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Project Myriad: Mesos and YARN Working Together

Jim Scott’s new article, A tale of two clusters: Mesos and YARN, starts with a description of a fairly common situation that can often be found in a many IT shops today, multiple resource islands:

The first cluster is an Apache Hadoop cluster. This is an island whose resources are completely dedicated to Hadoop and its processes. The second cluster is all resources that are not a part of the Hadoop cluster.

This situation stems from the fact that Hadoop manages its own resources with Apache YARN. Although YARN works great for Hadoop clusters, its usage for any non Big Data applications is very limited.

As Scott explains in his article, the issue here is in the way scheduling is implemented in YARN:

When a job request comes into the YARN resource manager, YARN evaluates all the resources available, and it places the job. It’s the one making the decision where jobs should go… YARN is optimized for scheduling Hadoop jobs, which are historically (and still typically) batch jobs with long run times. This means that YARN was not designed for long-running services, nor for short-lived interactive queries…, and while it’s possible to have it schedule other kinds of workloads, this is not an ideal model.

A different scheduling model is implemented by Apache Mesos, which:

… uses a two-level scheduling mechanism where resource offers are made to frameworks (applications that run on top of Mesos). The Mesos master node decides how many resources to offer each framework, while each framework determines the resources it accepts and what application to execute on those resources. This method of resource allocation allows near-optimal data locality when sharing a cluster of nodes amongst diverse frameworks.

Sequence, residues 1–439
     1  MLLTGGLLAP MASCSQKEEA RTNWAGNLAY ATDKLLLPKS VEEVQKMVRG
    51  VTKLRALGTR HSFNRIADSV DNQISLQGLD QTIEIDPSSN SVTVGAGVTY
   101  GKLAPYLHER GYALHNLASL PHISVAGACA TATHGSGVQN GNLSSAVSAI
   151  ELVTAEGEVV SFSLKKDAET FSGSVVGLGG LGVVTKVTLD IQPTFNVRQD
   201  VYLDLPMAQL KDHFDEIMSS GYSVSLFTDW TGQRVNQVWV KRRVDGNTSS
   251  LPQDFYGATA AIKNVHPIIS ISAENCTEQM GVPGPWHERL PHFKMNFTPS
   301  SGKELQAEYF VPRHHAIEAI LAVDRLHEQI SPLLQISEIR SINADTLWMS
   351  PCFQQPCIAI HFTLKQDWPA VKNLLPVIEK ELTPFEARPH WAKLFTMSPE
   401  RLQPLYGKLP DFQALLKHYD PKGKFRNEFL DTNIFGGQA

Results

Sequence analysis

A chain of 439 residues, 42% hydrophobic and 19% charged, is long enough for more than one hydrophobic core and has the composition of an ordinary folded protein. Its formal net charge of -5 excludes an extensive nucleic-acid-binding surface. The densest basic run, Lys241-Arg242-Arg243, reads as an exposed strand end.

In reality, both Mesos and YARN have their important place in IT infrastructure. But as Scott explains, when used side-by-side it leads to resource fragmentation.

Using Mesos and YARN in the same data center, to benefit from both resource managers, currently requires that you create two static partitions. Using both would mean that certain resources would be dedicated to Hadoop for YARN to manage and Mesos would get the rest.

As Scott points out, a new project called Myriad, produced by collaboration of eBay, MapR, and Mesosphere, allows YARN and Mesos to work harmoniously for the benefit of the enterprise and the data center.

This open source software project is both a Mesos framework and a YARN scheduler that enables Mesos to manage YARN resource requests. When a job comes into YARN, it will schedule it via the Myriad Scheduler, which will match the request to incoming Mesos resource offers. Mesos, in turn, will pass it on to the Mesos worker nodes. The Mesos nodes will then communicate the request to a Myriad executor which is running the YARN node manager. Myriad launches YARN node managers on Mesos resources, which then communicate to the YARN resource manager what resources are available to them. YARN can then consume the resources as it sees fit. Myriad provides a seamless bridge from the pool of resources available in Mesos to the YARN tasks that want those resources.

Myriad enables the unification of resource utilization and management across a data center using Mesos. YARN workloads, in this case, run on a shared cluster and are more dynamic and elastic compared to a standalone YARN cluster. This approach also makes it easy for a data center operations team to expand resources given to YARN (or, take them away) without ever having to reconfigure it.

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